Aiming to evaluate the effect of sema3A on FoxP3 expression, condition-media from HEK293− cells, which were infected by NSPI-CMV-FLAG lentivirus with or without human sema3A cDNA, a kind gift from Professor Gera Neufeld and Dr. Ofra Kessler, Ruth and Bruce Rappaport Faculty of Medicine, Technion, Israel, as previously described [17], were added to the above-mentioned purified B cells activated by ODN-CpG and CD40L and incubated for 48 hours. After incubation, cells were analyzed for the possible change in FoxP3 expression using the above-mentioned specific monoclonal antibodies and evaluated using an FC500 flow cytometer and Becton Dickinson FACS-Fortessa. The results are shown as % of Breg cells expressing FoxP3, taking into consideration that the absolute number of Breg cells in all groups was found to be comparable.

2.5. Clinical Correlation and Statistical Analysis

Comparison of FoxP3 expression in B cells from SLE patients and healthy controls was done using the unpaired Student -test. The correlation coefficient () of clinical correlation between SLEDAI score and % of Breg cells expressing FoxP3 was determined using the Pearson correlation test. A two-tailed value of 0.05 or less was considered to be statistically significant.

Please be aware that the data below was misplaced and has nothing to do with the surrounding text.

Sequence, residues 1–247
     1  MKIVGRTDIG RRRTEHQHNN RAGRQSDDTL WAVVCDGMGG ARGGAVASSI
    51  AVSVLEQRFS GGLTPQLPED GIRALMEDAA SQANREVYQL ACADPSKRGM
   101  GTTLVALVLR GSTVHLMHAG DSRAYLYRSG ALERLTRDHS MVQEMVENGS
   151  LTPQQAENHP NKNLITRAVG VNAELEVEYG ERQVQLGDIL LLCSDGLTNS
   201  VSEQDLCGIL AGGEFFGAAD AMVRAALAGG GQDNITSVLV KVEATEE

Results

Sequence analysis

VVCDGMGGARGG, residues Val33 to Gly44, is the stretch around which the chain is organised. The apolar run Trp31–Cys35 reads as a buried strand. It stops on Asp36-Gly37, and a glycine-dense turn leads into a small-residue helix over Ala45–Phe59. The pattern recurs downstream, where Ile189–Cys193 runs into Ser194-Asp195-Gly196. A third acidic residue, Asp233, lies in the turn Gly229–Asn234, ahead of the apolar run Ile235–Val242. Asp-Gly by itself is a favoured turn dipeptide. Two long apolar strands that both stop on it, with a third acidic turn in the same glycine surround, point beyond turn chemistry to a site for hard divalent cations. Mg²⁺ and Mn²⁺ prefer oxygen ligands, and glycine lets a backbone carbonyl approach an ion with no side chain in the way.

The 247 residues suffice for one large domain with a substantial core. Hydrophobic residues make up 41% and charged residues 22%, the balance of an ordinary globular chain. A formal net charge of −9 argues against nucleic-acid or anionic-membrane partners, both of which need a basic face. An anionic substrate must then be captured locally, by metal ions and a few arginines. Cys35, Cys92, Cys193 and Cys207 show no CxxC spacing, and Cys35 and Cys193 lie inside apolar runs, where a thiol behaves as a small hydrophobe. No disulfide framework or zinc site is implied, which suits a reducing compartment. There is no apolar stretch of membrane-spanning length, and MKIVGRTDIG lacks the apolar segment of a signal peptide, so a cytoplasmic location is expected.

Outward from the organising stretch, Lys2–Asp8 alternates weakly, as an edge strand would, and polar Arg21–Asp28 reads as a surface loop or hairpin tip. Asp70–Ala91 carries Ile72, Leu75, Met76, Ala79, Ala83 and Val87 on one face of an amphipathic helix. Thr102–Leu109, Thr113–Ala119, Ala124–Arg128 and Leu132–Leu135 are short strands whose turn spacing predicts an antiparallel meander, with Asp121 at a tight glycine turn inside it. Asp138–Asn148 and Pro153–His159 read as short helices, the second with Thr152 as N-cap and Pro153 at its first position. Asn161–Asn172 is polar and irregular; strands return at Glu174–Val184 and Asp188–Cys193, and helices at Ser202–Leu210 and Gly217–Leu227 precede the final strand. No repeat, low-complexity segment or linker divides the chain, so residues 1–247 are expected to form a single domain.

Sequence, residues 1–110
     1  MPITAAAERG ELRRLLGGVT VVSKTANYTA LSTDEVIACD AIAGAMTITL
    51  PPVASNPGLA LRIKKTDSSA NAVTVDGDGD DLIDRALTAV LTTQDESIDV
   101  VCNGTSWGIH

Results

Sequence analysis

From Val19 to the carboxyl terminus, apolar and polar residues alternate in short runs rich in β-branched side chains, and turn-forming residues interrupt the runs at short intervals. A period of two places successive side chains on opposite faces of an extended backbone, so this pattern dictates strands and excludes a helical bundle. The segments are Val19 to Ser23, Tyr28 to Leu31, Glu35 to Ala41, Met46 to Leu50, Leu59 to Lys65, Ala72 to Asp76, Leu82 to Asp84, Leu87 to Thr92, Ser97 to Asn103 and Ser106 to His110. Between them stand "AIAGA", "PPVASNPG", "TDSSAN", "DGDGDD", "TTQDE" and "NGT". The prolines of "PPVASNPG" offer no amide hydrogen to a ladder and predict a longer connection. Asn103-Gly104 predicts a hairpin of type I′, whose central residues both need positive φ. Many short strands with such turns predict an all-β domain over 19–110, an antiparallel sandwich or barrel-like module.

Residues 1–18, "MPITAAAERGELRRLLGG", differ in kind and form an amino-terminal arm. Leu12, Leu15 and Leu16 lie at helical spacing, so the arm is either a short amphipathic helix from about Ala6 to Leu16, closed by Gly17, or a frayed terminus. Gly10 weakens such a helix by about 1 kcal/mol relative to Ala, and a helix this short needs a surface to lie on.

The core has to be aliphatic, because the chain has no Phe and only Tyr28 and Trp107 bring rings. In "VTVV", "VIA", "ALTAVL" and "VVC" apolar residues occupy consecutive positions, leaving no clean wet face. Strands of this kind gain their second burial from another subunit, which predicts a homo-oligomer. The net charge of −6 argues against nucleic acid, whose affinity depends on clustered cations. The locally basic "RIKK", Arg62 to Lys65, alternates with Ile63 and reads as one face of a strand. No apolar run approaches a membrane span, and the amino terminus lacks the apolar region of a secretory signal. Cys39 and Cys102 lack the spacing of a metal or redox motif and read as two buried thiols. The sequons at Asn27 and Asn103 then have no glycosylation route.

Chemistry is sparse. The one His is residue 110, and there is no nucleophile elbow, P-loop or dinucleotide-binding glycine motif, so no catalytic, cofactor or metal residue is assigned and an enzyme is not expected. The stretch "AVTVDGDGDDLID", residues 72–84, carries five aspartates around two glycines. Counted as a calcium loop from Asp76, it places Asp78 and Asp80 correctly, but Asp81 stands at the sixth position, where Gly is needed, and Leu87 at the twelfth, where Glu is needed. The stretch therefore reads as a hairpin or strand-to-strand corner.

3. Results

3.1. CD19+CD25high Activated B Cells Are FoxP3high

First, we examined whether B regulatory cells are also FoxP3 expressing cells. Purified resting B cells (immediately following purification) were (weakly detectable) (data not shown). However, following their stimulation with CpG-ODN and CD40L for 48 h, B cells turned to become (Figure 1(a)). As also seen, there are less than 0.5% gated CD3 T cells and therefore B cell contamination with CD3 is unlikely and FoxP3 expression in B cells is very prominent (Figure 1(b)).

3.2. Activated CD19+CD25high FoxP3high Are Also IL-10high

Gating on activated one can see that most of these cells (>85% of these cells) are IL- (Figure 2) in contrast to B cells that are being also IL-.

3.3. CD19+CD25highFoxP3high in SLE

The percentage of Breg cells ( cells) in peripheral blood (highly expressing FoxP3) was significantly higher in SLE patients when compared to that of healthy individuals ( versus %, resp., ) (Figure 3).

3.4. Semaphorin 3A Increases FoxP3 Expression in Breg Cells

We then sought to determine if sema3A increases the expression of FoxP3 in these Breg cells. As is demonstrated in Figure 3, sema3A increases the percentage of Breg cells ( cells) in peripheral blood expressing FoxP3, in normal controls and to a higher extent in SLE patients (in normal controls up to % from baseline, , and in SLE patients up to %, ) (Figure 3).

3.5. FoxP3 Expression in B Cells Is Correlated with SLEDAI

Figure 4 demonstrates the correlation between the percentage of cells of SLE patients and the SLEDAI score of these patients. As can be seen, there is a positive correlation with an “” Pearson coefficient of 0.75. This result is in line with the known correlation between IL-10 level in SLE patients and their SLEDAI.

4. Discussion